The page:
Now, Microsoft may very well have a critical fix effort for the current client but this bug didn't make the grade as a critical bug. (I can't tell from just this article whether I would consider this a critical issue or not.)
I've heard about DLL-injection many a time, for purposes ranging from benign (fun Counter-Strike mod) to evil (I am now NT AUTHORITY\SYSTEM, bitches). I've not heard about .so injection on Unix-like systems. Why is that? Is it because implementation details of Unix shared libraries preclude them being used in the same or a similar way, that I've just not been on the right mailing lists to hear about it, or more nobody cares to bother because everyone's on Windows?
Those of you whom are familiar with either or both systems, what material would you recommend for study that would answer my questions, or help me understand enough to ask a smarter one?
And it is sometimes useful. One thing I can recall when this was necessary when I had an old webcam which did not work with Skype (a native application, at that moment) under Linux because of incompatibility with V4L2. To make the camera work, I had to do the LD_PRELOAD trick to preload a compatibility library (see here , search for "v4lcompat"). Another example, provided in , is overriding the default memory allocator.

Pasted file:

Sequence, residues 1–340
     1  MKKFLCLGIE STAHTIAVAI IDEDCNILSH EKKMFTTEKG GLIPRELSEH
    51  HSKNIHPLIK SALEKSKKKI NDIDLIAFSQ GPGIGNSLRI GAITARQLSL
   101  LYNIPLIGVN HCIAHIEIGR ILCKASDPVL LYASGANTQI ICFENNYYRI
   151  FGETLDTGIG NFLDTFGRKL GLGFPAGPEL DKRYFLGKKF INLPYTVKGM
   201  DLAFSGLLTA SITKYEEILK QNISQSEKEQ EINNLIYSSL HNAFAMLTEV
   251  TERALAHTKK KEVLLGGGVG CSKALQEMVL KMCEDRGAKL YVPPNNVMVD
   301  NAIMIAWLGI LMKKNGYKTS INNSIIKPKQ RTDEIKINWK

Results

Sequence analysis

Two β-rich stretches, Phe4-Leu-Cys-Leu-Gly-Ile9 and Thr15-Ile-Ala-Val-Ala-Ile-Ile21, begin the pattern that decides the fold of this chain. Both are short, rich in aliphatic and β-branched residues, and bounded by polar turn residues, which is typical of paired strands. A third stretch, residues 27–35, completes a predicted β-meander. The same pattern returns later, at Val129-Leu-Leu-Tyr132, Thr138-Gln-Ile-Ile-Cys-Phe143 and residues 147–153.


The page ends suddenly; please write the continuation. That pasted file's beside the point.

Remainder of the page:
Another, more coarse-grained way to manipulate the way libraries are loaded is to use the LD_LIBRARY_PATH variable. I believe it is currently used by Steam to specify its own set of libraries.
Granted, this is not really a DLL injection as it is usually understood (adding code to a running process), but it is the same thing as described in the article, as far as I can tell.
> "Windows provides multiple ways to do it," he said. But DLL hijacking isn't limited to Windows, he said -- noting that it can apply to Macs and Linux, too.
is an artifact of the reporting, and not worth head scratching about.
The exploit would look completely different on Mac or Linux. As far as I know.
My Debian machine updates software through apt + dpkg, and I
installed Skype via the Skype repository. Why would Skype for
Linux then choose to bundle its own updater, thereby breaking
the integrity a package manager provides?
If skype is in the base set of packages, I'd expect debian to require proper packaging. But if this is in some third party package, there are no such guarantees.